Blacklegged ticks or deer ticks are hard ticks that are most commonly found in the deciduous forests and tall grassland and shrub regions of Western Washington. Blacklegged ticks take nearly 2 years to complete their lifecycle and can transmit deadly tick-borne diseases. They are considered prime vectors of the bacteria which cause Lyme disease and also transmit other Borrelia species, including Borrelia miyamotoi.
Tick disease that the Deer tick can transmit includes B. burgdorferi to humans, Babesia microtia, and Anaplasma phagocytophilum, which cause the diseases babesiosis and human granulocytic anaplasmosis (HGA). Their reproductive host is the white-tailed deer.
Rocky Mountain Wood Tick:
The Rocky Mountain Wood Tick is visually similar to the American Dog ticks and they are prevalent in the wooden lands, open grasslands, and the sub-alpine regions of the Western Washington area. They are brown. The Rocky Mountain tick larvae and nymph feed on chipmunks, voles, and squirrels. The adults prefer large and medium-sized mammals, including humans, sheep, deer, etc. The Rocky Mountain Wood Tick is the vector of diseases such as Colorado tick fever; Rocky Mountain spotted fever, and tularemia.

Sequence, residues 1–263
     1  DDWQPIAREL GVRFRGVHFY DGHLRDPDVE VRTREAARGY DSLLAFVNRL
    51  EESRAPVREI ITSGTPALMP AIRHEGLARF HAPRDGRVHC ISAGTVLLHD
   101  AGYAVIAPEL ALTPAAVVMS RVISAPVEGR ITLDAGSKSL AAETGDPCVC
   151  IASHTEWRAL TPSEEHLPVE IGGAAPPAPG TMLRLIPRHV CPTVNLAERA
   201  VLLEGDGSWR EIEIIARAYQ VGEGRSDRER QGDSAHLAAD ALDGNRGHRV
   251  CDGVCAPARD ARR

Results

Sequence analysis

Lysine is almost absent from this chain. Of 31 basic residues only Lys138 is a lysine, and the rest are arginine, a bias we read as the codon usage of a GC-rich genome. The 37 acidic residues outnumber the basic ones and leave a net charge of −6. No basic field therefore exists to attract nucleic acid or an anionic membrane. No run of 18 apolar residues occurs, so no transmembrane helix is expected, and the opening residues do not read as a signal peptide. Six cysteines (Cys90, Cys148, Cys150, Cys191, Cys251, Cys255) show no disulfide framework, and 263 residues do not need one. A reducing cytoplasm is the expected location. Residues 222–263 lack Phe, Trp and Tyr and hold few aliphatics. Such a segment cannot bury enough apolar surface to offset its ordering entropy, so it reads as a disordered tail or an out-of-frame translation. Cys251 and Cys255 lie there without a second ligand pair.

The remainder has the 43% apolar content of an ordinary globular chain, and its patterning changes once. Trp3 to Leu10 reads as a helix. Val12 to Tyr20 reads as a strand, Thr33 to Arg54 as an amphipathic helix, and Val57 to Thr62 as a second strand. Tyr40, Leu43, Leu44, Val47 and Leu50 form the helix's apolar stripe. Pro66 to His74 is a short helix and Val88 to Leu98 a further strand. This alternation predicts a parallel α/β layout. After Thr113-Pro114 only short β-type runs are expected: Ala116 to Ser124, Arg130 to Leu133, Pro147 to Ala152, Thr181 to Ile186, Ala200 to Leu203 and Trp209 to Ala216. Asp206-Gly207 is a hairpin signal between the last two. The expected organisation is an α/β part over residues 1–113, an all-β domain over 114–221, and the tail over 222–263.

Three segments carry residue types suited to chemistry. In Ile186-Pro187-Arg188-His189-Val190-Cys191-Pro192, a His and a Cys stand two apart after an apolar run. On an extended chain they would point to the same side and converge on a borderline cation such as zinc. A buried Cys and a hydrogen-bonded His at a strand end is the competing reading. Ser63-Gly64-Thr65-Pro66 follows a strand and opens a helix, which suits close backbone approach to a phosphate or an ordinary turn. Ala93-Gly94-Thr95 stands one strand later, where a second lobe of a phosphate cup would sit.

Tick paralysis is also commonly associated with this type of tick. Meaning, that the dog might face or get affected by a tick paralysis if it comes in contact with the rocky mountain wood tick. Tick paralysis does not occur due to any pathogens transmission. This happens only due to the neurotoxins present in the saliva of the ticks. The canine tick paralysis requires immediate veterinary intervention. Otherwise, this could lead to the death of the dog. In humans, tick paralysis generally wades off after removing the tick.
Alpha gal syndrome is also a prominent disease that the rocky mountain wood tick might spread. Alpha-Gal syndrome or the mammalian-meat allergy happens when a sugar molecule from bovine is transferred to humans. This requires a diet free of red meat.
What To Do If You Find A Tick On Yourself?